"Norumbega (or Norumbègue, Nurumbega, etc) was a legendary settlement in northeastern North America, inextricably connected with attempts to demonstrate Viking incursions in New England. Like Cathay, it was a semi-legendary place name used to fill a gap in existing geographical knowledge.
An early reference was that of the French navigator, Jean Allefonsce (1542), who reported that he had coasted south from Newfoundland and had discovered a great river. "The river is more than 40 leagues wide at its entrance and retains its width some thirty or forty leagues. It is full of Islands, which stretch some ten or twelve leagues into the sea. ... Fifteen leagues within this river there is a town called Norombega, with clever inhabitants, who trade in furs of all sorts; the town folk are dressed in furs, wearing sable. ... The people use many words which sound like Latin. They worship the sun. They are tall and handsome in form. The land of Norombega lie high and is well situated."
The word "Norumbega" was originally spelled Oranbega in Girolamo da Verrazzano's 1529 map of America, and the word is believed to derive from one of the Algonquian languages spoken in New England. It is often cited as meaning "quiet place between the rapids" or "quiet stretch of water"."
Maybe you've heard of Norumbega...or maybe you haven't. The subject actually arose during a discussion between myself and Dean Bennett, the Town of Hampden's director of economic development. You see, Dean and I, have been working on building a waterfront park on the Penobscot River just south of our marina. The new park will be situated on a spectacular piece of land which forms a 10 acre penninsula. Chances are you have never seen this piece of land as it has been left undisturbed for about 100 years since Stern's Lumber mill vacated. Well we were brainstorming about park names, and I remembered this old story I'd heard about a lost civilization somewhere in New England. Also, I'd once spent a night at the Norumbega Inn in Camden, ME.
Now with all the technology and resources available to the common man like Google Earth and Wikipedia, Dean and I quickly discovered that the new park actually may be the site of the mythical people. The Wikipedia entries state that the city lies 15 leagues into the river. Well, neither Dean nor I could remember how far a league was, but Google was quick to let us know its about 5.5 km. And, yes neither one of us was very good with kilometers either, so Google informed us that a kilometer is .62 of a mile. Anyway Dean and I put our heads together and figured out that Norumbega should be about 51 miles from Penobscot Bay. The Google Earth measurement gave us about 25 miles up from the mouth of the river, but of course that is "how the crow flies". Well, I'm pretty sure that those Vikings who found the Norumbegans couldn't fly like crows. Our mighty Penobscot twists and turns like an ornery snake.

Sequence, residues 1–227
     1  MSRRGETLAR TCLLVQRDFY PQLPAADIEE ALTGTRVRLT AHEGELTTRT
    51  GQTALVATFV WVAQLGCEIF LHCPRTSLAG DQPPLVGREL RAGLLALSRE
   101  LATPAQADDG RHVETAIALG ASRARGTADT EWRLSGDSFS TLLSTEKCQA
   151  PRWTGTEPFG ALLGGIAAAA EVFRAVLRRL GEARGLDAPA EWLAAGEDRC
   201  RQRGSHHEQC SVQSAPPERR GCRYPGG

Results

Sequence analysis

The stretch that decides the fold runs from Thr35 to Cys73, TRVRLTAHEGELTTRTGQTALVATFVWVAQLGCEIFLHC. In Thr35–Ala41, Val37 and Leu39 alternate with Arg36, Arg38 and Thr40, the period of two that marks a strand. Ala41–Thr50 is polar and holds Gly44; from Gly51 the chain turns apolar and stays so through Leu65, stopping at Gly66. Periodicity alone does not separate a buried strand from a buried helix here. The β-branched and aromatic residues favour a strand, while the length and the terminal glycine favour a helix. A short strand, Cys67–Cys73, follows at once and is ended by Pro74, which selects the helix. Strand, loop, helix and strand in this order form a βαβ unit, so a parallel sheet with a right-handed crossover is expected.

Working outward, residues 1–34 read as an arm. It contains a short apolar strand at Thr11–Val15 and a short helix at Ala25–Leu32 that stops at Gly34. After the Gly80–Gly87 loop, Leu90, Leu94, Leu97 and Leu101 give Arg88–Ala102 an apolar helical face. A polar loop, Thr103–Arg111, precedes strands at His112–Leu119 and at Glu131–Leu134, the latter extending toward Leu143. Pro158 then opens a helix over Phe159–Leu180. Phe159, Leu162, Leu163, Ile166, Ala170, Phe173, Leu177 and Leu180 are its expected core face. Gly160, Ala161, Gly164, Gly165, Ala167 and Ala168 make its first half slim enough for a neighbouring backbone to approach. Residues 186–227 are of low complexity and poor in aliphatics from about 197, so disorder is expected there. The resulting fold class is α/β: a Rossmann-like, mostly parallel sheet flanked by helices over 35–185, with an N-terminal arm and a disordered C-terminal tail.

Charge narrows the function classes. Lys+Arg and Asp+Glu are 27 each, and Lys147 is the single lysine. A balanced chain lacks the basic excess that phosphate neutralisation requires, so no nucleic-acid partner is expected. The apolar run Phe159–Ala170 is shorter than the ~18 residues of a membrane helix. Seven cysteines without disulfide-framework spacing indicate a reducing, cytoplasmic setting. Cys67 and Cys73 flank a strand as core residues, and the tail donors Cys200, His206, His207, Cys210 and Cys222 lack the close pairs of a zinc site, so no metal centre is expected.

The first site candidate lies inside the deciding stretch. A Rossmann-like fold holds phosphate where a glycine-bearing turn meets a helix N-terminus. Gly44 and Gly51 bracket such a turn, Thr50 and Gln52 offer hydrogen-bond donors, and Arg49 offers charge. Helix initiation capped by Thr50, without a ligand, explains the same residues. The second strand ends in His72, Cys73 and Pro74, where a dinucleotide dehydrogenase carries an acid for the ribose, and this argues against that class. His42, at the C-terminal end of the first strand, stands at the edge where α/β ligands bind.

The best we could tell with our limited cartography skills, is that Hamlin's Marina is 51 miles north by water from where the Penobscot opens up into the mighty Atlantic.
The other piece of evidence that pretty much guarantees that Hamlin's Marina is in fact the modern day Norumbega is that all of our boaters here "worship the sun" and many of them are "tall and handsome in form". I don't know how clever they all are, but I've heard some folks around here speak a language sharing some similarities to Latin.
Anyway, I think the new park should be called "Norumbega Park". What do you think?